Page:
Williams L, Holloway JR, Canfield B, Glein CR, Dick JM, Hartnett H et al. Birth of biomolecules from the warm wet sheets of clays near spreading centers. In Earliest Life on Earth: Habitats, Environments and Methods of Detection. Springer Netherlands. 2011. p. 79-112 https://doi.org/10.1007/978-90-481-8794-2_4
Williams, Lynda ; Holloway, John R. ; Canfield, Brandon ; Glein, Christopher R. ; Dick, Jeffrey M. ; Hartnett, Hilairy ; Shock, Everett. / Birth of biomolecules from the warm wet sheets of clays near spreading centers. Earliest Life on Earth: Habitats, Environments and Methods of Detection. Springer Netherlands, 2011. pp. 79-112
@inbook{231f1c9bd6fd45d8bc8768029a14cada,
title = "Birth of biomolecules from the warm wet sheets of clays near spreading centers",
abstract = "The role of clay minerals in the abiotic synthesis of organic molecules near seafloor spreading centers was simulated experimentally. Clays are common hydrothermal alteration products of volcanic glass and due to their nano-scale crystal size, provide extensive and variably charged surfaces that interact with aqueous organic species. Volcanic gases H2and CO2have been shown to react on magnetite surfaces to form methanol, a primary organic molecule, under hydrothermal conditions. Therefore, our experiments simulated the temperature and pressure conditions (300°C, 100 MPa) that exist beneath hydrothermal vents, in stockwork fractures through which hydrothermal fluids interact with fresh basalt. We examined the products of reactions between aqueous methanol and three common clay minerals found in those environments (montmorillonite, saponite, illite). Montmorillonite reacted to ∼60{\%} illite over 6 weeks, while saponite and illite were mineralogically stable. Organic products extracted with dichloromethane from the two expandable smectite clays (montmorillonite, saponite) contained a variety of complex organic molecules including: alkanes, alkyl-benzenes, alkyl-naphthalenes, alkyl-phenols, alkyl-naphthols, alkyl-anthrols, methoxy and alkyl-methoxy-phenols, methoxy and alkyl-methoxy-naphthols, and long-chain methyl esters. Experiments with the non-expandable illite yielded only traces of alkanes and alkyl-benzene after 6 weeks. We infer that the interlayer surfaces of smectites provide crystallographic sites involved in the organic synthesis of polycyclic aromatic hydrocarbons. The largest variety and quantity of organic products was produced from montmorillonite as the layer charge increased during conversion to illite.",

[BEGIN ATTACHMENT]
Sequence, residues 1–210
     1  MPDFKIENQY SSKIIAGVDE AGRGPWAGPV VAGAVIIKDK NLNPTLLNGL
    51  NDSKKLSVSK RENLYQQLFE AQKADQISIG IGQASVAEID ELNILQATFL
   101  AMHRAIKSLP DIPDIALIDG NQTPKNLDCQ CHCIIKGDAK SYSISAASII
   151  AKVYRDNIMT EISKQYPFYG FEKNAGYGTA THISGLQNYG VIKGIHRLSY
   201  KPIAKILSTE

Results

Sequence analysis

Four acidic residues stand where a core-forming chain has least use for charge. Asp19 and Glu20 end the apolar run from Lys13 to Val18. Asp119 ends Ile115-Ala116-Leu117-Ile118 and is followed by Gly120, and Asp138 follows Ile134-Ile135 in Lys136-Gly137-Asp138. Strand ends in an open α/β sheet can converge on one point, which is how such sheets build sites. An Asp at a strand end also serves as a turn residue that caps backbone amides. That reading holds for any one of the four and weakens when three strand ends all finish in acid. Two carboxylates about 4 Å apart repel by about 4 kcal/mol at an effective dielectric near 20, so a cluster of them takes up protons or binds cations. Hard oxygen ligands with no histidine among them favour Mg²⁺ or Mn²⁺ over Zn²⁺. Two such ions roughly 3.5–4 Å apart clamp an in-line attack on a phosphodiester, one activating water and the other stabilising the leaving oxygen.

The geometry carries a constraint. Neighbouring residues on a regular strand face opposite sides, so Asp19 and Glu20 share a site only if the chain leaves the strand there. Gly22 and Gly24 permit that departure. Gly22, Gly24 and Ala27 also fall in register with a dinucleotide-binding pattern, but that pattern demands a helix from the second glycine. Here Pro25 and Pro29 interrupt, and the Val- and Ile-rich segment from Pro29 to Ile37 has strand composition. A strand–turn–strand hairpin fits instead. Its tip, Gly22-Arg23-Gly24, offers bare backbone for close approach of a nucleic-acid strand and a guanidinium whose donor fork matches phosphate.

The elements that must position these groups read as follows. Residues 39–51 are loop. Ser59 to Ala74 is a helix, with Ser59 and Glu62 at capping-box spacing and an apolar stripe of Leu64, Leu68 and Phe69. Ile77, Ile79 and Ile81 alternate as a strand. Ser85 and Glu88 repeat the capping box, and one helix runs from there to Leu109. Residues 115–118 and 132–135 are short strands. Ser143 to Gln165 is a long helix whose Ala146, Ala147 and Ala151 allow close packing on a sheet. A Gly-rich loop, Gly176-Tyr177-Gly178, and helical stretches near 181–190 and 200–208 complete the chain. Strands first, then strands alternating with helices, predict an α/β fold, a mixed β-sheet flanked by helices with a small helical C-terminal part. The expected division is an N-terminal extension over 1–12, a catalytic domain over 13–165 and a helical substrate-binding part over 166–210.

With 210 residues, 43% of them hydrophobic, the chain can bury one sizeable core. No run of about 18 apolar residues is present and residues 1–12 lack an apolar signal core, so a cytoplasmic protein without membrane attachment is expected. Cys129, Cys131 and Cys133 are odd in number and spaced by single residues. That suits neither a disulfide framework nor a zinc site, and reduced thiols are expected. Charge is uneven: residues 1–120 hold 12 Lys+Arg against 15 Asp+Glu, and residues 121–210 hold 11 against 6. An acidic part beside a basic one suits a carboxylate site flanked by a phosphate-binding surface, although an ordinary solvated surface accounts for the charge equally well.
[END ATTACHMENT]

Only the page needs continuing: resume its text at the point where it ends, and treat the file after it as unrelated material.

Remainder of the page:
keywords = "Abiotic organic synthesis, Biomolecules, Clay minerals, Hydrothermal experiments, Saponite, Smectite",
author = "Lynda Williams and Holloway, {John R.} and Brandon Canfield and Glein, {Christopher R.} and Dick, {Jeffrey M.} and Hilairy Hartnett and Everett Shock",
year = "2011",
doi = "10.1007/978-90-481-8794-2_4",
language = "English (US)",
isbn = "9789048187935",
pages = "79--112",
booktitle = "Earliest Life on Earth: Habitats, Environments and Methods of Detection",
publisher = "Springer Netherlands",

}

TY - CHAP

T1 - Birth of biomolecules from the warm wet sheets of clays near spreading centers

AU - Williams, Lynda

AU - Holloway, John R.

AU - Canfield, Brandon

AU - Glein, Christopher R.

AU - Dick, Jeffrey M.

AU - Hartnett, Hilairy

AU - Shock, Everett

PY - 2011

Y1 - 2011